This week marks the 60th anniversary of the Woolworth counter sit-in by the Greensboro Four. The event marked a pivotal moment in the Civil Rights Movement, sparking the formation of the Student Nonviolent Coordinating Committee in Raleigh and rallying young people across the South to protest segregation peacefully.
From organizing sit-ins, Freedom Rides, marches, and voter registration drives, champions of civil rights were often beaten, arrested, and left for dead. So, what was the psychological toll of the Civil Rights Movement on the Emmett Till Generation? That is the central question of Pearl Cleage’s play Bourbon at the Border, now playing at North Raleigh Arts and Creative Theatre (NRACT).
The year is 1995. An anxious May awaits the homecoming of her husband Charlie who has been in and out of the hospital “due to the craziness caused by the events in Mississippi” during Freedom Summer, a massive voter registration drive in 1964. Surrounded by good friends and a bottle of Jack, May and Charlie toast to a brighter future, perhaps in Canada. But is love enough to mend a broken spirit?
The NRACT production of Bourbon at the Border boasts a talented cast of actors, each fully invested in the emotional intensity of the story. Joseph Callender’s commanding onstage presence as Charlie holds the audience spellbound, while Tina Morris-Anderson’s May is duly heart-wrenching. Dr. Joy L. Bryant’s even-keeled performance as May’s best friend Rosa balances out some of the script’s weightiness, while Juan Isler’s intuitive portrayal of Tyrone, Rosa’s boyfriend, packs a punch to the gut and delivers one of the most profound moments of the entire production.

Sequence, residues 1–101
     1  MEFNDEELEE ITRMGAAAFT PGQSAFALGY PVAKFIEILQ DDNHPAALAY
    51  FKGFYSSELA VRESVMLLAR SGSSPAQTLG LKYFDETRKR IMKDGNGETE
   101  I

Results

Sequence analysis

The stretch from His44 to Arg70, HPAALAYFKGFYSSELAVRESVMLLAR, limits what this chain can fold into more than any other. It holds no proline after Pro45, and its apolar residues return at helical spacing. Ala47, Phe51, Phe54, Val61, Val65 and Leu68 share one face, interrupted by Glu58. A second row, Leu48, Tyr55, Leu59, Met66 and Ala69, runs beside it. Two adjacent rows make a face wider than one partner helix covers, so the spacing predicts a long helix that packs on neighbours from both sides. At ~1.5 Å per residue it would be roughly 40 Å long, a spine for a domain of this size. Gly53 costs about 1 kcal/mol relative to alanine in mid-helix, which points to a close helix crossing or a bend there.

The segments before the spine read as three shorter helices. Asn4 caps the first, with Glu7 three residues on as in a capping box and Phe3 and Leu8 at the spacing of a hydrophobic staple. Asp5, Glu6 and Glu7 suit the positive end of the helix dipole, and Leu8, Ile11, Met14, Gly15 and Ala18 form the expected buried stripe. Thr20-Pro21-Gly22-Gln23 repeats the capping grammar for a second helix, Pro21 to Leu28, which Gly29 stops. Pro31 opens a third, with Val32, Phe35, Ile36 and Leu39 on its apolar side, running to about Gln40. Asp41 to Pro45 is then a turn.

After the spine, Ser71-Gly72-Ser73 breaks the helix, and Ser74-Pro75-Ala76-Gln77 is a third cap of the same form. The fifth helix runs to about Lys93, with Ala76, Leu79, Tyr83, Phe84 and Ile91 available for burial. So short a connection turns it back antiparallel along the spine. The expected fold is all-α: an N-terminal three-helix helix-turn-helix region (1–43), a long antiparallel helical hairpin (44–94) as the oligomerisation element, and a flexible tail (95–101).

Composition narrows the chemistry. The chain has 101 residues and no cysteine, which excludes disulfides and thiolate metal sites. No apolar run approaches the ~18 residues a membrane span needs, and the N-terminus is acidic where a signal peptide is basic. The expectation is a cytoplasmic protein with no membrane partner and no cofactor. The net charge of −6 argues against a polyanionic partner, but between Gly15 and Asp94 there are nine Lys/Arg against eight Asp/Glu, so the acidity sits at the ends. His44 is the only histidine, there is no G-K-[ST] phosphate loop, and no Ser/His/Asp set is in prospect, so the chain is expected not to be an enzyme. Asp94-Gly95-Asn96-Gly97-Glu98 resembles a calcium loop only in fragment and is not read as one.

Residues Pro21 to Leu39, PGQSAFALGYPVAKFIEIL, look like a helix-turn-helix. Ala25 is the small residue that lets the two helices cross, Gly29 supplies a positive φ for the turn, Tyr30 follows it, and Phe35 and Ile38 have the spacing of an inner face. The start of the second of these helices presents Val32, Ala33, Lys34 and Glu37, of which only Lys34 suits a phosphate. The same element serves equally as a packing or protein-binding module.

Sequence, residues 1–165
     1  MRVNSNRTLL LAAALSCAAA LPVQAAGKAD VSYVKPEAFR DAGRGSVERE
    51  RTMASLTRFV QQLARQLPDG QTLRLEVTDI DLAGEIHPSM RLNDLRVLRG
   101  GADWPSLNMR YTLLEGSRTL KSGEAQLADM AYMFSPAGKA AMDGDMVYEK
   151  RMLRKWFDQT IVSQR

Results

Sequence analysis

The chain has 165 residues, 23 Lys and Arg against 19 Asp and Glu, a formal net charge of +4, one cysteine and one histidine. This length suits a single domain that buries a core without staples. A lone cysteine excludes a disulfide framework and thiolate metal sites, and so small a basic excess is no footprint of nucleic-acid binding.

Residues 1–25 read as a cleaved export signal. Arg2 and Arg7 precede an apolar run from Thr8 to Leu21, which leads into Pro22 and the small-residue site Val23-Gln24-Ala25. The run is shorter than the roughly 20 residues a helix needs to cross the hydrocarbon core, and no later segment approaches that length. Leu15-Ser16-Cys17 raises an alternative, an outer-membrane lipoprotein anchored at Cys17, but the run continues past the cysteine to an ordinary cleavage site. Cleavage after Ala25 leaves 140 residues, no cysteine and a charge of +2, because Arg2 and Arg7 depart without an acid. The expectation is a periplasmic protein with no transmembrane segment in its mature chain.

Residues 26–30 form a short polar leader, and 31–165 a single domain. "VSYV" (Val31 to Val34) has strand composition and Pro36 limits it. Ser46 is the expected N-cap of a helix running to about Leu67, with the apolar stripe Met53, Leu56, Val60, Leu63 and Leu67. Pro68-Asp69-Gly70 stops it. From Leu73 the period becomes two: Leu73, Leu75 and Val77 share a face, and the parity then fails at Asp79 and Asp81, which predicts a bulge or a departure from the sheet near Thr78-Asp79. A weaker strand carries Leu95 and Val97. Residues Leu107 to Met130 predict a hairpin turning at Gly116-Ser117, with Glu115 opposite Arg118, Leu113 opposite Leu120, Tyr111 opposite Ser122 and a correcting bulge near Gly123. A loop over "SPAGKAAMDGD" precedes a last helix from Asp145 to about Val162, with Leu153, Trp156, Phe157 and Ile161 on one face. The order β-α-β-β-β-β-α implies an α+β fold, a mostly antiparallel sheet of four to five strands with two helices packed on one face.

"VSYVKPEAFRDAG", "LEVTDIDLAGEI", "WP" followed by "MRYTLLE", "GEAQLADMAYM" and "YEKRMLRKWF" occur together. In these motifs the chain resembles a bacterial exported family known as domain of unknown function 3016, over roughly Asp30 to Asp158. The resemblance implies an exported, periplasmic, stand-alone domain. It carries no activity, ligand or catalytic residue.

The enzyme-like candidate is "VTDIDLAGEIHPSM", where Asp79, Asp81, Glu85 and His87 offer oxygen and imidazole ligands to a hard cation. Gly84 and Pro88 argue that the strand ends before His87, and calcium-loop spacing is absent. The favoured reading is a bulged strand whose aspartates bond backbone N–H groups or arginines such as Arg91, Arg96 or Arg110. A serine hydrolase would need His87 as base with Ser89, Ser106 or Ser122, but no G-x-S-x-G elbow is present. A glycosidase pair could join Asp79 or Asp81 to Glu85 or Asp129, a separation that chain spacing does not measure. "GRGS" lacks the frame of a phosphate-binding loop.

This marks Natasha A. Jackson’s directorial debut. It is clear at the top of Act Two that Jackson is a keen collaborator, giving the actors the freedom to imbue the production with backstories drawn from personal experiences. These are the unscripted elements that add a rich layer to Cleage’s otherwise predictable plot, juxtaposing the immeasurable cost of the war in Vietnam with the damaging cost of the race war fought at home.
Some clumsy and unnecessary scene changes disrupt the rhythm of the piece but are made more palatable by a well-curated soundtrack that triggers a visceral reaction from the audience.
Bourbon at the Border is an important story to tell, particularly at this moment in time. The play’s telling, thought-provoking themes can and should ignite meaningful conversations about mental illness, trauma, and racial injustice. More importantly, it is an interrogation of how we selectively retell and even try to rewrite history and immortalize our heroes.